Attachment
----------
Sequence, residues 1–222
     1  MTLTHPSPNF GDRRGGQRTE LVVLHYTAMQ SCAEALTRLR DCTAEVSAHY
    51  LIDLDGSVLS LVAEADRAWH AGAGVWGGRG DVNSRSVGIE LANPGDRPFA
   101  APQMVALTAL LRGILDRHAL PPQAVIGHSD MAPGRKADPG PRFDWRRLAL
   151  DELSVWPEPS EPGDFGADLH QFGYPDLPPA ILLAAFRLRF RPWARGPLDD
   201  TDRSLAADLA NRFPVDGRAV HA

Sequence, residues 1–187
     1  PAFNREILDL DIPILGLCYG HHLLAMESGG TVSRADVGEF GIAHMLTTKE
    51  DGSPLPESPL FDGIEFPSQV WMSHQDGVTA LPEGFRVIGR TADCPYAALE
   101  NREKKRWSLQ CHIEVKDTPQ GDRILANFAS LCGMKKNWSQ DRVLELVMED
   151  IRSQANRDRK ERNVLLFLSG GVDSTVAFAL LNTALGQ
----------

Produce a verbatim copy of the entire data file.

Sequence, residues 1–222
     1  MTLTHPSPNF GDRRGGQRTE LVVLHYTAMQ SCAEALTRLR DCTAEVSAHY
    51  LIDLDGSVLS LVAEADRAWH AGAGVWGGRG DVNSRSVGIE LANPGDRPFA
   101  APQMVALTAL LRGILDRHAL PPQAVIGHSD MAPGRKADPG PRFDWRRLAL
   151  DELSVWPEPS EPGDFGADLH QFGYPDLPPA ILLAAFRLRF RPWARGPLDD
   201  TDRSLAADLA NRFPVDGRAV HA

Sequence, residues 1–187
     1  PAFNREILDL DIPILGLCYG HHLLAMESGG TVSRADVGEF GIAHMLTTKE
    51  DGSPLPESPL FDGIEFPSQV WMSHQDGVTA LPEGFRVIGR TADCPYAALE
   101  NREKKRWSLQ CHIEVKDTPQ GDRILANFAS LCGMKKNWSQ DRVLELVMED
   151  IRSQANRDRK ERNVLLFLSG GVDSTVAFAL LNTALGQ